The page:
Background: Using patient-reported outcomes for symptom monitoring in oncology has resulted in significant benefits for adult patients with cancer. The feasibility of this approach has not been established in the routine care of children with cancer.

Methods: The Pediatric Patient-Reported Outcomes version of the Common Terminology Criteria for Adverse Events (Ped-PRO-CTCAE) is an item library that enables children and caregivers to self-report symptoms. Ten symptom items from the Ped-PRO-CTCAE were uploaded to an online platform. Patients at least 7 years old and their caregivers were prompted by text/email message to electronically self-report daily during a planned hospitalization for chemotherapy administration. Symptom reports were emailed to the clinical team caring for the patient, but no instructions were given regarding the use of this information. Rates of patient participation and clinician responses to reports were systematically tracked.

Results: The median age of the participating patients (n = 52) was 11 years (range, 7-18 years). All patients and caregivers completed an initial login, with 92% of dyads completing at least 1 additional symptom assessment during hospitalization (median, 3 assessments; range, 0-40). Eighty-one percent of participating dyads submitted symptom reports on at least half of hospital days, and 54% submitted reports on all hospital days. Clinical actions were taken in response to symptom reports 21% of the time. Most patients felt that the system was easy (73%) and important (79%). Most clinicians found symptom reports easy to understand and useful (97%).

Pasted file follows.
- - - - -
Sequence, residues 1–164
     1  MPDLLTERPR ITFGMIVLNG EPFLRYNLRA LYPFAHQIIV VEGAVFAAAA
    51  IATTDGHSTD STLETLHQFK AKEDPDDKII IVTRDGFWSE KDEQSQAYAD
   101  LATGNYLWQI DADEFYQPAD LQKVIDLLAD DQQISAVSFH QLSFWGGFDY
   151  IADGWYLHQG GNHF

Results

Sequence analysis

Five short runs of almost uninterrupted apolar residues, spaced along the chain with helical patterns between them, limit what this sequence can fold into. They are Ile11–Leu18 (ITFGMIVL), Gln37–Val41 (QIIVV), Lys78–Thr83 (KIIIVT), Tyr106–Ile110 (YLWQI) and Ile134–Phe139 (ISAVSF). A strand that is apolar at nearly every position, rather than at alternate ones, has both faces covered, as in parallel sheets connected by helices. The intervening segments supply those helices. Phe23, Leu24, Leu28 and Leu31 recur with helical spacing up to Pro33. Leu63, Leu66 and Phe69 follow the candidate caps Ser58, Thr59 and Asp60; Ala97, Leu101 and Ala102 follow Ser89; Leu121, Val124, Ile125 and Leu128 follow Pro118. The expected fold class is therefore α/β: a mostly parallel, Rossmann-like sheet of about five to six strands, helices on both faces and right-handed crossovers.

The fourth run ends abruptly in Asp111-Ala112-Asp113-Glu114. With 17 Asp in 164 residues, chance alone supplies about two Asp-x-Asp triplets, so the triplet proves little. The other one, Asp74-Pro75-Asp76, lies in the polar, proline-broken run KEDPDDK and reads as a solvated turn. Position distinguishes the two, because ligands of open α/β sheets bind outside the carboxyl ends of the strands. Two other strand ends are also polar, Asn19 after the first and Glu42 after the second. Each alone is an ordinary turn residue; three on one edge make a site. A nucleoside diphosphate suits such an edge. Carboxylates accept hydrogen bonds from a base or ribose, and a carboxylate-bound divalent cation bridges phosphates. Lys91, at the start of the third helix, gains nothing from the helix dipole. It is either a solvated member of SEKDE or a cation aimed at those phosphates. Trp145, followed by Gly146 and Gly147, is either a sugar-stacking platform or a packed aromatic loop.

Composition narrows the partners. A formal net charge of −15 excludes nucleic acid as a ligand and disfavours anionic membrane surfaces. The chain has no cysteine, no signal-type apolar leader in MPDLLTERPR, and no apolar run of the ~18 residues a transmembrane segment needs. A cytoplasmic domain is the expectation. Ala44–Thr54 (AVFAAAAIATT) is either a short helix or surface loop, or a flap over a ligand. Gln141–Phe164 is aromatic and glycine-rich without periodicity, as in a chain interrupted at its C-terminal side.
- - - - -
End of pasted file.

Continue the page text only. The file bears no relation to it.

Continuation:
Conclusions: Symptom monitoring using patient-reported outcome measures for hospitalized pediatric oncology patients is feasible and generates data valued by clinicians and patients.
View Article and Find Full Text PDF

Download full-text PDF

Source
http://dx.doi.org/10.1002/cncr.33617DOI Listing
August 2021

Neighborhood education status drives racial disparities in clinical outcomes in PPCM.

Am Heart J 2021 08 19;238:27-32. Epub 2021 Apr 19.

Division of Cardiovascular Medicine, Perelman School of Medicine, University of Pennsylvania, Philadelphia, PA. Electronic address:

Background: Peripartum cardiomyopathy (PPCM) disproportionately affects women of African ancestry. Additionally, clinical outcomes are worse in this subpopulation compared to White women with PPCM.  The extent to which socioeconomic parameters contribute to these racial disparities is not known.

Methods: We aimed to quantify the association between area-based proxies of socioeconomic status (SES) and clinical outcomes in PPCM, and to determine the potential contribution of these factors to racial disparities in outcomes. A retrospective cohort study was performed at the University of Pennsylvania Health System, a tertiary referral center serving a population with a high proportion of Black individuals. The cohort included 220 women with PPCM, 55% of whom were Black or African American. Available data included clinical and demographic characteristics as well as residential address georeferenced to US Census-derived block group measures of SES. Rates of sustained cardiac dysfunction (defined as persistent LVEF <50%, LVAD placement, transplant, or death) were compared by race and block group-level measures of SES, and a composite neighborhood concentrated disadvantage index (NDI). The contributions of area-based socioeconomic parameters to the association between race and sustained cardiac dysfunction were quantified.